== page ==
Other factors favoring regularization include orderly growth of the financial model, prevention of money laundering, transparency in operations and implementation of effective consumer grievance redressal mechanism.
The RBI Consultation paper has put forward the following propositions for regularisation and invited suggestions on the same:
1. In order to bring P2P lending under the purview of RBI, it shall be treated as a Non-banking financial institution (NBFC).
2. All the transactions between the lender and borrower shall take place directly through bank account transfers. P2P platforms will be prohibited to take deposit from the lenders. This will remove the contradiction between the RBI Act provisions and operating practice of P2P lending. Additionally, the threat of money laundering is also tackled effectively.
3. RBI will act as the regulatory authority and supervise the operations of P2P platforms.
4. P2P platforms to be incorporated as Company. This has been suggested as RBI cannot regulate individuals or partnership firms but only company and corporate societies.
5. Minimum capital of 2 crores is fixed to prevent formation of dummy or misleading companies. This provision of capital requirement will ensure continued operations of the company even when it experiences a rough patch.
6. Provision for leverage ratio will also be made by RBI as a prudential norm for maintenance of solvency.
7. Restrictive provisions on the amount of lending that can be granted by one Lender or the amount that can be deposited in favor of one Borrower, may be prescribed.
8. Regulation on fund advertisement by the platform.
9. Corporate governance- Some of the Board members must have experience in finance sector. Other qualifications may also be prescribed for Promoters, CEO and Directors of the Company to be declared fit for working in the P2P platform. Provisions for physical presence of office and management within the domestic territory is also under consideration.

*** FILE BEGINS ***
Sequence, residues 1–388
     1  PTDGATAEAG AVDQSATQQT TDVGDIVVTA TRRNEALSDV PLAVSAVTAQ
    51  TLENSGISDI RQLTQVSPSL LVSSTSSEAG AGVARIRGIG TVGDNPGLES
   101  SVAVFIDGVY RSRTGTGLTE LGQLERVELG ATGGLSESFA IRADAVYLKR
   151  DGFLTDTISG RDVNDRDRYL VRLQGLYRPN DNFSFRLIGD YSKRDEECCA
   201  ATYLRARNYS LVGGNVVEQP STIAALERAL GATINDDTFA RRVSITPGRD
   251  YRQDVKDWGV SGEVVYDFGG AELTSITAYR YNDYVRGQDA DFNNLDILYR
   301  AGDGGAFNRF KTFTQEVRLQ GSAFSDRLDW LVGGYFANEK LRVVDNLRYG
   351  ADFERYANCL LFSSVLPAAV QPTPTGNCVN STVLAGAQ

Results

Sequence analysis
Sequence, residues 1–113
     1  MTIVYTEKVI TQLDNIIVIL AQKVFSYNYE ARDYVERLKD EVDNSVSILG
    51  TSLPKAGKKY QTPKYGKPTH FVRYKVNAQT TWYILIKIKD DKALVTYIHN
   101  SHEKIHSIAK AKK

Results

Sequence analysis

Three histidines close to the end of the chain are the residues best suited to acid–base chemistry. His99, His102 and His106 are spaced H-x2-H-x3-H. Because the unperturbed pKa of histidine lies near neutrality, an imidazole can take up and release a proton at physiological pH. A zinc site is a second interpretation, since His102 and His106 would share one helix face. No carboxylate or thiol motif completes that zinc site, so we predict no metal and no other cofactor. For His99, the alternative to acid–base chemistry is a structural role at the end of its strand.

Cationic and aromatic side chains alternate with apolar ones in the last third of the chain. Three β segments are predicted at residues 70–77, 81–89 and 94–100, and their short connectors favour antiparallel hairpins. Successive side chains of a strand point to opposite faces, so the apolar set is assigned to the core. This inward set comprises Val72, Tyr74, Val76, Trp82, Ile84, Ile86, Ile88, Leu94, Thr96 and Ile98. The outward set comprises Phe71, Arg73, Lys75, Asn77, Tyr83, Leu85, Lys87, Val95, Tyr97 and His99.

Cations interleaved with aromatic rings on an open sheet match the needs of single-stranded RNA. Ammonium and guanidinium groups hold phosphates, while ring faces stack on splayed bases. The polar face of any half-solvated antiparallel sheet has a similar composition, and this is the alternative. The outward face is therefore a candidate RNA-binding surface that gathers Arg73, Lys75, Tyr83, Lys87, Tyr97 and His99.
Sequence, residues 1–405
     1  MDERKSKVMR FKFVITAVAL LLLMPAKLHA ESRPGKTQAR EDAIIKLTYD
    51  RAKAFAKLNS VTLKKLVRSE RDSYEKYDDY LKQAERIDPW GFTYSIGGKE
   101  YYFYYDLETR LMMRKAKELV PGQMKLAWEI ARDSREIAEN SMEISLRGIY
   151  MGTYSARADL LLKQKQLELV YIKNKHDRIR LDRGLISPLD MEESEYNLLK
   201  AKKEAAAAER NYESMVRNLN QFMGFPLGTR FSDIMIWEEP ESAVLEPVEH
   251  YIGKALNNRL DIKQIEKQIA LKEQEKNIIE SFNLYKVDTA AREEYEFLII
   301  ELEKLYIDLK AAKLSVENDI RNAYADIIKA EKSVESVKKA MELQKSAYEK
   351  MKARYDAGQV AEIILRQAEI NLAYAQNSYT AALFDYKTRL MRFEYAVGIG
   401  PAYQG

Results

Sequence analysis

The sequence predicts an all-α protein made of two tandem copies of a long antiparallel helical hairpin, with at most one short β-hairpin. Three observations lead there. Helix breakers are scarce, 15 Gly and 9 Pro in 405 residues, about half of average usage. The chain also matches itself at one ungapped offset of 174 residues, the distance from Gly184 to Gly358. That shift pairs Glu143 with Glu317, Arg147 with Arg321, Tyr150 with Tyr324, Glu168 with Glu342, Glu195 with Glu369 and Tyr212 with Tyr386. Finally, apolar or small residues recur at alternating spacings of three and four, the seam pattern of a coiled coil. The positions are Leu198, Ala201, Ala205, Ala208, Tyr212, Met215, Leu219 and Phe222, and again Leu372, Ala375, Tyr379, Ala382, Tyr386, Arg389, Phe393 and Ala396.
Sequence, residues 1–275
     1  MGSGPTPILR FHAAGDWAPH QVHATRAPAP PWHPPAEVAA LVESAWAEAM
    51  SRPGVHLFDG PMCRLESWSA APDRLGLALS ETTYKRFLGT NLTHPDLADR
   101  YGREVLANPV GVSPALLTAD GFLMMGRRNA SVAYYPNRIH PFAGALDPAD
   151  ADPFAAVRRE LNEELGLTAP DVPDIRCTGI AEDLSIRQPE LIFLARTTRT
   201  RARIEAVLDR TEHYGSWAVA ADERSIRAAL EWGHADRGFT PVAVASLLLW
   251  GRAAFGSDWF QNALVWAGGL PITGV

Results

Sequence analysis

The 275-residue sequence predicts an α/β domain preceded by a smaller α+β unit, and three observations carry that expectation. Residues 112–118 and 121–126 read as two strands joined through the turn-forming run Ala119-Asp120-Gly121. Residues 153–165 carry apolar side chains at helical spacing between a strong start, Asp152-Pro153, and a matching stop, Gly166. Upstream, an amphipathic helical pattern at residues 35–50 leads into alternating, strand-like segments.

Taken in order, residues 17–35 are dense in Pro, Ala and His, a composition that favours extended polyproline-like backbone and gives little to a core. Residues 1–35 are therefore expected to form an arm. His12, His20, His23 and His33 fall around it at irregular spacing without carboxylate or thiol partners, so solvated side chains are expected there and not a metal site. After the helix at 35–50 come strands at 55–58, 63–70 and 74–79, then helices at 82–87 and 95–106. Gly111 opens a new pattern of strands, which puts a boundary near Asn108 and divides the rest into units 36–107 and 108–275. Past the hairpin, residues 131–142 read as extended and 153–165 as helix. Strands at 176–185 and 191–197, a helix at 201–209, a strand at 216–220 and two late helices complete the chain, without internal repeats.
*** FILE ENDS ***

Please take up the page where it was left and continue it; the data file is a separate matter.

10. Risk management system to be maintained and reported to RBI for smooth operations of the platform.
11. Regular reporting to RBI regarding loan amount, financial position, consumer grievances, etc..
12. Provision for installation of system for guaranteeing confidentiality of customer data will be mandatory.
13. For recovery of loans, existing guidelines of NBFC’s are to be followed.
14. Prohibition on providing assurance of return for any investment.
All these propositions have been well received with some suggestions by participants and drivers of P2P lending in India.
- The lending transaction should be tracked by a separate nodal agency or through an escrow account for transparency and accountability in the financial transactions.
- The Owners of P2P Company should be given the right to directly approach credit information bureau and report Defaulters.
- P2P is a new financial model and it should not be treated as traditional NBFCs. With grant of status of NBFC, the P2P system will suffer the consequences of heavy regularization which may take away the attractiveness of the simplicity of this structure.
- The provision for leverage ratio cannot be made applicable to P2P lending because no credit is given by the platform directly. Instead, provision for credit insurance fund could be made to protect the investors.
- The large capital requirement of Rs. 2 Crores is uncalled for, alternatively flexible provision for maintenance of capital in accordance with the outstanding loan amount could be adopted.
- Most importantly, NRIs should be allowed to invest in the P2P fund as they are one of the biggest contributors to this fund.
The RBI should act upon these suggestions and come up with a user- friendly legislation on P2P lending. Otherwise, the success of this financial model will be short lived due to the formulation of rigid and complex rules by RBI.